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- [Instructor] Schizophrenia is a disorder of the brain.
What it is absolutely not,
it has nothing to do with multiple personalities.
When we think about the brain, we think
about things that can cause schizophrenia
and there are likely to be many different causes,
but we know that it's likely to be a combination
of genetics and environmental causes that will be at play,
and when I say environmental, that may include things
like the experience in the womb
and also growing up, childhood experiences,
so it's really a combination of these two big factors
that leads to abnormalities in the brain,
and these abnormalities in the brain can actually
be picked up by some of the tests that we have today.
Some of our brain imaging tests can show some
abnormal changes in some individuals with schizophrenia.
We know that some of the neurotransmitters,
the brain chemicals, are also abnormal in schizophrenia.
In particular, there is a neurotransmitter called dopamine
that is often thought to be too high or elevated
in certain parts of the brain in schizophrenia,
and quite a number of the medicines I use
to treat schizophrenia, the anti-psychotic medicines,
aim to work against dopamine.
Unfortunately, brain scans, measuring neurotransmitters,
none of these tests ever diagnose schizophrenia.
Schizophrenia is actually diagnosed
based on a clinical interview,
and that means taking a history,
hearing from the patient or their family
exactly what's been happening over time,
and also observing the patient.
Well, why would we observe the patient?
Because we know that these brain changes may actually
cause changes in how a patient behaves.
Their behavior may be altered,
and we can further break this down
into changes in the way they think
and changes in the way they act, and we think about ways
that people with schizophrenia may think differently.
We start to think about having abnormal beliefs,
something that we actually call delusions,
and they may also happen to see and hear things that
aren't there, something that we refer to as hallucinations.
Now, people can have delusions and hallucinations
in other conditions, but these are
some of the symptoms of schizophrenia.
Also, the way that they act may be different.
They may isolate themselves socially.
They may be somewhat disorganized
or somewhat confused in their actions,
especially to people looking at them from a distance.
They may have something that we call a flat affect,
and that basically means they lack emotions on their face.
This is by no means an exhaustive list,
but we can start to see that the way that they think
and the way that people with schizophrenia act,
there's a lot of changes here that people would
start to feel maybe abnormal or different.
Now, let's think a little more widely about schizophrenia.
How common is this condition?
Well, we know that approximately one percent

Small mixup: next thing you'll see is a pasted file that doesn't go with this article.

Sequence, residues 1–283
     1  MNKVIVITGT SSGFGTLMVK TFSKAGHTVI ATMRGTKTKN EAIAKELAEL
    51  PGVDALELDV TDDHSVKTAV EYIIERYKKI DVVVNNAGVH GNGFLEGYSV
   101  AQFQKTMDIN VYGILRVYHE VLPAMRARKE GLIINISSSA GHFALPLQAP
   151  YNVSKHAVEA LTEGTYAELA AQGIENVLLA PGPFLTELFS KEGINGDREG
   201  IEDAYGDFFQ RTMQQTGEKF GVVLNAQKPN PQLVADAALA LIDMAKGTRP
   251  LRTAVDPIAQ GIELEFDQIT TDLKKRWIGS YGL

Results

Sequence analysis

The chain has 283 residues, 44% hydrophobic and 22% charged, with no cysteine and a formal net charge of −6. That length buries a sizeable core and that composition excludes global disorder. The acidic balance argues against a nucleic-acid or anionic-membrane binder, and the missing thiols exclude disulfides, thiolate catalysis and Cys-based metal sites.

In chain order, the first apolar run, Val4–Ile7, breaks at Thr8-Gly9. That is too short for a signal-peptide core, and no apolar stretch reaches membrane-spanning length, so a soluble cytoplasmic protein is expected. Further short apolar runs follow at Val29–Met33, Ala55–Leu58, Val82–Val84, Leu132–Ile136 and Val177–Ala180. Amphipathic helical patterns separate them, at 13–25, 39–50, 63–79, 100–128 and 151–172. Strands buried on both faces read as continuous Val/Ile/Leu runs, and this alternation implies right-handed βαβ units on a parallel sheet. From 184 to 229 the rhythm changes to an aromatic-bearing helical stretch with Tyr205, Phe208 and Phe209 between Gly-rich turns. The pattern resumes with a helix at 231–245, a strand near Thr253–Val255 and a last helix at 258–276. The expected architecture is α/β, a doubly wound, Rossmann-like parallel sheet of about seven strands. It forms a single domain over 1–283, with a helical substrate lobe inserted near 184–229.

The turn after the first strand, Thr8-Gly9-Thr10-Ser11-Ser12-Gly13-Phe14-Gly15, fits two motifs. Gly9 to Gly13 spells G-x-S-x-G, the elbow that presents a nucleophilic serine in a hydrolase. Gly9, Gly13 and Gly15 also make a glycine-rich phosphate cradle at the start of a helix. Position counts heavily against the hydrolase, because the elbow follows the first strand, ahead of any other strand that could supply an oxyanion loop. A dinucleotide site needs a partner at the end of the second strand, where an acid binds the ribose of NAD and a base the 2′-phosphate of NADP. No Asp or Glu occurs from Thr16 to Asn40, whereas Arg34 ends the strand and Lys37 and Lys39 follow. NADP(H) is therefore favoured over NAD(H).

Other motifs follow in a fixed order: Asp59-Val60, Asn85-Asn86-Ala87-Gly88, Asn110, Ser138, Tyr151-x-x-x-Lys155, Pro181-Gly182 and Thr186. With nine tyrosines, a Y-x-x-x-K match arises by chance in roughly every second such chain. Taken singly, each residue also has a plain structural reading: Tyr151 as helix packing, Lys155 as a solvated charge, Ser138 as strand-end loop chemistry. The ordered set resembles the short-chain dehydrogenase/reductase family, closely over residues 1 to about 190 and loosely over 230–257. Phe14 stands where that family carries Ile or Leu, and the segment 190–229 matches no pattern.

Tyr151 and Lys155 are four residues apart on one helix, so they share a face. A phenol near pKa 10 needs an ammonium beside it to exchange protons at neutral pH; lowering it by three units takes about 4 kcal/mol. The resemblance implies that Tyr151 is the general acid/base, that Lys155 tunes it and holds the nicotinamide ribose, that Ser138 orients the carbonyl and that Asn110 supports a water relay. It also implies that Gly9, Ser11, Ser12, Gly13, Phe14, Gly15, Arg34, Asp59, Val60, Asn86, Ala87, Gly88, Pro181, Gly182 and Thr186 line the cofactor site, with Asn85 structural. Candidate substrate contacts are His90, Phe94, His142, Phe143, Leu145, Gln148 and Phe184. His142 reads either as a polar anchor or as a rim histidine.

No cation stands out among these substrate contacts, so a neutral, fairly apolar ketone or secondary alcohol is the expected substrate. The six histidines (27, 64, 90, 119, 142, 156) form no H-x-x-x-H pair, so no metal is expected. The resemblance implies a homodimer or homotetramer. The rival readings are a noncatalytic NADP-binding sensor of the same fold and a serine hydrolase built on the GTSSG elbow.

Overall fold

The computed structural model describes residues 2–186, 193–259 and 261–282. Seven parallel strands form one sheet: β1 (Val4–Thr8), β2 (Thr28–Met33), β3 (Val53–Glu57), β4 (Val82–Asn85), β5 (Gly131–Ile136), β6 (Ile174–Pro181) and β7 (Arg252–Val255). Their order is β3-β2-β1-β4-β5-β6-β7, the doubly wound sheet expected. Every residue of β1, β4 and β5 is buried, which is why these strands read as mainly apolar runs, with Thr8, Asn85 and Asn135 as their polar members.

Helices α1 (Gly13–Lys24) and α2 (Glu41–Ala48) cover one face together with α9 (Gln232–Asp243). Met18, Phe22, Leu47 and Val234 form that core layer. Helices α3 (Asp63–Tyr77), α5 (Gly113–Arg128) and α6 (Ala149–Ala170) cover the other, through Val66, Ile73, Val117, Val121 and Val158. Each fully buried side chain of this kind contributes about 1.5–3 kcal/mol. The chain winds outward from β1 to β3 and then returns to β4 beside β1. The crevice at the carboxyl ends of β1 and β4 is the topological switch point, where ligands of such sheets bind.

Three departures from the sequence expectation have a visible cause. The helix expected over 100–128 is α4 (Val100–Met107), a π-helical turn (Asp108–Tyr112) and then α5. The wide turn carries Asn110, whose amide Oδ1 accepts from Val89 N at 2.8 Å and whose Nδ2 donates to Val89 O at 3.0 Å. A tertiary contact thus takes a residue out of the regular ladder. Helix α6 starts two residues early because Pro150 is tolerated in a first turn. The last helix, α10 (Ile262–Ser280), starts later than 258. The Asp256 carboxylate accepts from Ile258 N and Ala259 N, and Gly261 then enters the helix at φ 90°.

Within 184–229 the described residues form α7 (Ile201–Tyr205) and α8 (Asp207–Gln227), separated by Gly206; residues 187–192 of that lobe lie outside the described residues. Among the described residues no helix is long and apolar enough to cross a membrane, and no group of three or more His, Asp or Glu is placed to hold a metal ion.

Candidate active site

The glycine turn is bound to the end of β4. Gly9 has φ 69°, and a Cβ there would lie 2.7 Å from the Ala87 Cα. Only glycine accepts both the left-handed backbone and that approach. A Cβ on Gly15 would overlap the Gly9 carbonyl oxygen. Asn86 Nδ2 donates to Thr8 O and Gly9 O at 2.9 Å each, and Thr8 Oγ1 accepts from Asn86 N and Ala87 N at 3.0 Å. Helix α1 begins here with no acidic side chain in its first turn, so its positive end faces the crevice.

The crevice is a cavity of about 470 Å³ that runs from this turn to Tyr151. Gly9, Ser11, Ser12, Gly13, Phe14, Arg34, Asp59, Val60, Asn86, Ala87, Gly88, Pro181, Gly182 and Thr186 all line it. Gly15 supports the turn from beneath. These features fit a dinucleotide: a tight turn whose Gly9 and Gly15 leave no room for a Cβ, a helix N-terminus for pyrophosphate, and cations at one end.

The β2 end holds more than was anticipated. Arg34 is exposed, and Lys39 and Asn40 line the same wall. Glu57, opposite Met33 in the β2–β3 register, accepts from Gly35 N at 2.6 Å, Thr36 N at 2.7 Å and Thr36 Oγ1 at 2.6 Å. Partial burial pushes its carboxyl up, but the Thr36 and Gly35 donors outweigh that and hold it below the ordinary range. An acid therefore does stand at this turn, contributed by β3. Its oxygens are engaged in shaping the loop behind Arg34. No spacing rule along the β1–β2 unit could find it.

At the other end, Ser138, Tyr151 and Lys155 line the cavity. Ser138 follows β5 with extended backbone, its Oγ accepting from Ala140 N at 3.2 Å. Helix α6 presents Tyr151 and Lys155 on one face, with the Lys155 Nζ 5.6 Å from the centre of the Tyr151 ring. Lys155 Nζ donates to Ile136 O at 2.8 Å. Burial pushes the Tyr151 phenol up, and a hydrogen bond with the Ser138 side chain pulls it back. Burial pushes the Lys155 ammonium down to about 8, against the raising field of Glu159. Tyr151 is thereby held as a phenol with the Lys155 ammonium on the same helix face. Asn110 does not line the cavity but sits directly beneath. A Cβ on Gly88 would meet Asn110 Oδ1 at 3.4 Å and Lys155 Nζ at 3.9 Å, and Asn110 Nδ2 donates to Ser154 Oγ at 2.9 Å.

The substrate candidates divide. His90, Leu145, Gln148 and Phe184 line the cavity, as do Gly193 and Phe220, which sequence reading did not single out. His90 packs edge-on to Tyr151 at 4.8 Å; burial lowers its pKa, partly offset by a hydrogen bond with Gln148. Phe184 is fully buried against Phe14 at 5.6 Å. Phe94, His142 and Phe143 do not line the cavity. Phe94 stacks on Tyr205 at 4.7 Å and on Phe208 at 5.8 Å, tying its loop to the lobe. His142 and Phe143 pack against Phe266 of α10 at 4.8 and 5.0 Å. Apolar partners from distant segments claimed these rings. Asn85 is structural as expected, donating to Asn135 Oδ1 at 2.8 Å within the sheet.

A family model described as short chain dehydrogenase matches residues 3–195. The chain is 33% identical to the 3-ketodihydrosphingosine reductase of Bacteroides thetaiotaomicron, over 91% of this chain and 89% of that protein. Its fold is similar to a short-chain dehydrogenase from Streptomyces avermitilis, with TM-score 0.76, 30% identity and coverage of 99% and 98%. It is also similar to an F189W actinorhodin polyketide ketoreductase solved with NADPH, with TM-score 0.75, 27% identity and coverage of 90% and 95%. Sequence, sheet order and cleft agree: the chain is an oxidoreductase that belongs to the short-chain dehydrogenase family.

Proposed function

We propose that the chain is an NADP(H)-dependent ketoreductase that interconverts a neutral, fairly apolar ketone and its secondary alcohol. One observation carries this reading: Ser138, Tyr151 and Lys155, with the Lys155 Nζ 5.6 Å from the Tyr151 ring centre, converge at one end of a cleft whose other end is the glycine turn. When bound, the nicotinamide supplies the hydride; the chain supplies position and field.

of people have schizophrenia.
The exact number is actually a little bit less than that
in the US; it's actually 0.7%,
and we know that males are typically affected
as much as females, and we know
that this is a condition that affects people
between the age of 16 and 30.
Although it can happen in childhood
and in older individuals, this is the most common age group,
with males being affected at a younger age than females.
When we think about schizophrenia,
we should also think about the fact
that there is something called the prodrome
and the prodrome represents a period of time
before schizophrenia, the symptoms are fully present,
but it's actually a kind of deterioration
in a person's behavior and functioning.
Things are starting to go downhill
and in the prodrome, typically what may happen is
that people will start to demonstrate
some of the signs of schizophrenia,
but what you will notice is their academic or schoolwork
may suffer, and I say schoolwork because if you think about
between 16 and 30, and if the prodrome precedes that,
you're talking about individuals
that are often still in the educational system,
but if they're working, the work can suffer.
Also, their relationships may suffer.
They may exhibit some paranoia
or suspiciousness towards other people.
Some of their thoughts may be
that people are working against them,
so they may develop some of these delusional ideas
and they may start to act differently.
The prodrome then often leads to schizophrenia
and we know that if somebody has schizophrenia,
they are at risk of having lots of different consequences.
For example, they're at a higher risk of suicide,
a higher risk of being homeless,
and a higher risk of being in prison or in jail.
So these are some basics to think about
when we start to hear the word schizophrenia.
Schizophrenia is a brain disorder that's neurodevelopmental,
a combination of genetics and environment,
and we can notice that there's differences
in brain scans and neurotransmitters,
but it's really diagnosed on clinical interview
and it affects how people think and act.
It's preceded by this prodrome period
where we notice a decrease in functioning
and schizophrenia has a lot of repercussions.
It stops people engaging in society, results in higher rates
of suicide, homelessness and incarceration.
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精神分裂症 (Schizophrenia | )

110 分類 收藏
Amy.Lin 發佈於 2019 年 12 月 6 日
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